For the logistics team it’s another story, it must absorb additional workload without compensation and as usually its productivity is not measured, nobody sees the waste simply moved to it, perhaps at the expense of other useful activities.

Even worser: Value Stream Mapping is one of the most popular Lean tool and used as a waste revelator. So Value Stream Maps flourish and again muda hunters are set loose to eliminate waste. What the mappers overlook in the first place is the value of the stream they are mapping. And sometimes the process under scrutiny is a pure waste that is noticeable when seen from broader perspective, or higher altitude if you will. But this vantage point isn’t familiar to shopfloor staff.

Isn’t it ironic they put means and time to optimise possible waste? A Lean-deadly sin…

What happens so often next with bottom-up initiatives is top management asking where the beef is. After all, time and resources have been used to “improve”, so where is the return on this investment? And getting no convincing answer, the whole is finally put on hold and frustrated stakeholders conclude that Lean doesn’t work. (2)

Summing up

  • Scheduled and framed workshops are not the best way to develop a Lean culture, especially if it’s the only “continuous improvement” mode
  • Teams remain helpers to the appointed Lean / Six Sigma champion, barely develop a Lean culture
  • Bottom-up initiatives are too often based on unchallenged assumptions regarding the outcome, started on wishful thinking
  • Middle management often lacks the courage to discard suggestions that will obviously not lead to meaningful improvement
  • Improvements are too often local optimizations at the expense of the greater good
  • Shopfloor staff don’t know the bigger picture, hence improve what they see and know, reinforcing the previous point
  • Proof of the reality of the improvement is not systematically delivered
    At some point top management will put an end


(1) “Genius with a Thousand Helpers”, in Jim Collins’ “Good to Great”.
(2) I do not approve the way some companies require a calculation of a ROI prior to any change, because the way many costs are defined are questionable. Sometimes improvement are hard or even impossible to express in numbers: reduction of Lead Time, neatness, morale…That’s why I mentioned “correlations”.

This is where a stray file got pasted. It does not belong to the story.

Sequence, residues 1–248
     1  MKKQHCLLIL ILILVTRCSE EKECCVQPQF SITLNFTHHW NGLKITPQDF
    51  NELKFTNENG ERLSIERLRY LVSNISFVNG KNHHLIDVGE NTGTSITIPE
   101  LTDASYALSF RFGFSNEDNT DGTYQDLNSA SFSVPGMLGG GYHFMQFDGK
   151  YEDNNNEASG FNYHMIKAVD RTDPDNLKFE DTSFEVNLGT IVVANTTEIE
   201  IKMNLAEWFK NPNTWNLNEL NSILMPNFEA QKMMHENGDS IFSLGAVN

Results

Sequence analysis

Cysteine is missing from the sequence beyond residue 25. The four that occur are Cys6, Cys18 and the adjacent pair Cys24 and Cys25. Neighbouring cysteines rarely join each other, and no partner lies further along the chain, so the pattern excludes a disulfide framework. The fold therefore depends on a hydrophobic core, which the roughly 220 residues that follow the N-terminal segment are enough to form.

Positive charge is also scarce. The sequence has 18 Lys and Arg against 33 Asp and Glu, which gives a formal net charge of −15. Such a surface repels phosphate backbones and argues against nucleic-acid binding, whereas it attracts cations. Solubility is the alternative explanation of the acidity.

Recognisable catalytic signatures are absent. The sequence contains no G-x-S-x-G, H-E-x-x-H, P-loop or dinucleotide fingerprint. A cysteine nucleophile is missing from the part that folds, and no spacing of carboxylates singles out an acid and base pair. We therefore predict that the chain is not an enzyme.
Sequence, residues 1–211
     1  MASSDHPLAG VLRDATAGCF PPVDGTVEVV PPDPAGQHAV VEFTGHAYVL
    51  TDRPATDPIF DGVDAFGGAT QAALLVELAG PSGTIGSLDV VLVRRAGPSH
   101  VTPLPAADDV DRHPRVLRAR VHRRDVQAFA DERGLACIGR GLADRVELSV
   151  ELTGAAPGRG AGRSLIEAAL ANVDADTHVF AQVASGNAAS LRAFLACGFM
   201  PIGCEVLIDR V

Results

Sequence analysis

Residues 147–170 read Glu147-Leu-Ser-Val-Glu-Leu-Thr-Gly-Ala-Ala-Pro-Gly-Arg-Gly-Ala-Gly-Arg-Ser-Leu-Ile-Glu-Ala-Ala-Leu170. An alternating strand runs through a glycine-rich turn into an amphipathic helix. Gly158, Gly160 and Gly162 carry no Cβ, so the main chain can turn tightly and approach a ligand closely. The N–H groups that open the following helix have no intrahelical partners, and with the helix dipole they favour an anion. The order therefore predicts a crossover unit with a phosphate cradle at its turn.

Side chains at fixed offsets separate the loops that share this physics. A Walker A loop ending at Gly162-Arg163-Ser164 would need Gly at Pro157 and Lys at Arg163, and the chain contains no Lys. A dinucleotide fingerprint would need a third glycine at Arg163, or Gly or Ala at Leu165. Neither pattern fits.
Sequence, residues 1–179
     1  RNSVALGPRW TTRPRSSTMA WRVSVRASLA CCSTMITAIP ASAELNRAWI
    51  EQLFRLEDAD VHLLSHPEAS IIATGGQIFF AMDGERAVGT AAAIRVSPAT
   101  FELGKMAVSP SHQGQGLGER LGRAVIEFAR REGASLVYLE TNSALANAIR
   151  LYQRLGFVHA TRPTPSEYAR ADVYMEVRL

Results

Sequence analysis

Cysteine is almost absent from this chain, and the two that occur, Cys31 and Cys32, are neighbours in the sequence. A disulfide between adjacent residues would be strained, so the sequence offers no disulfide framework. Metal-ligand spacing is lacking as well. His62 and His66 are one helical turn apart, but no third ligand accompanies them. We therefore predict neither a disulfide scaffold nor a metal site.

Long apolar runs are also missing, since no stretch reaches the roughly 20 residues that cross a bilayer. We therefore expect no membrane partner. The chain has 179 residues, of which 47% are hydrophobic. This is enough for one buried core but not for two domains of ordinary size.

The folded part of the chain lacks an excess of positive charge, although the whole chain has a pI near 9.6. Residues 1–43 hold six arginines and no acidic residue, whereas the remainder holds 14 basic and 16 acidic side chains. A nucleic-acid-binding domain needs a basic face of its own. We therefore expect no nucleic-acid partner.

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From Obeya to wallpaper show room

When visual management turns into useless wallpaper

Having an Obeya is the latest – fashionable – sign an organization takes Lean seriously. The name itself sounds performing as is it is so strongly related to Lean.

Obeya may sound both exotic and performing, but is nothing more than a “big room”.

(I assume the perplexed Japanese are too polite to ask why so many westerners get jumpy when getting a big room.)

The bigger the room the longer the walls that call for something to display. And in order to make the obeya impressive, especially to visitors, lots of graphs, figures, tables, drawings, photos and maps must be displayed. So shall it be.

As a matter of fact, many companies display impressive walls clad of the previously mentioned printed material, plus sticky notes and hand colored symbols.

Well, many and most of the obeyas I’ve seen fail to turn to the war room where smart decisions are made to win the never ending battle against the empire of waste and its dreaded sneaky saboteurs named muda, mura and muri.

Getting closer to the display, it takes the outsider a while to find out the meaning of what is shown. I didn’t expect the pride about achievements to be that discreet, but it turns out, once the code for reading the charts has been broken, that the pride and achievement are still to come. Anytime soon suggests the presenter.

Not seldom are the prints totally outdated, and latest manual inputs (a place is left for them) missing. Key performance indicators graphs are plotted without any mention of unit nor indication of the target. Some data tables or audit sheets show the period between two events, confirming the lack of cadence.

Actions plans are anything but that. Fluffy wording is used to describe problems and even more fuzzy ones to describe the actions to take. The department in charge are mentioned together with a date (never know if it is the date the information is pushed to this department or the expected date of problem resolution), but nothing to track the actor’s acknowledgment, results nor to check off the action as successful.

The latest obeya with long walls full of complicated looking graphs and lots of other information turned out to be a kind of wall of shame, bluntly displaying and confirming what was happening on the nearby shopfloor. With time lag though.

Nevertheless, those obeyas just as the successful ones, set the scene for ritual meetings where the poor performances are “discussed” without many convincing decisions taken. My colleague describes those rooms as places where people shout at each other, standing.

Now, when I am invited to visit the Obeya, I expect to see visual management turned into useless wallpaper and the dedicated war room turned into a pathetic wallpaper showroom.

To end this post with a more optimistic tone, I assume I am only called to places in trouble and those working well simply do not need me.

Share your experience via comments!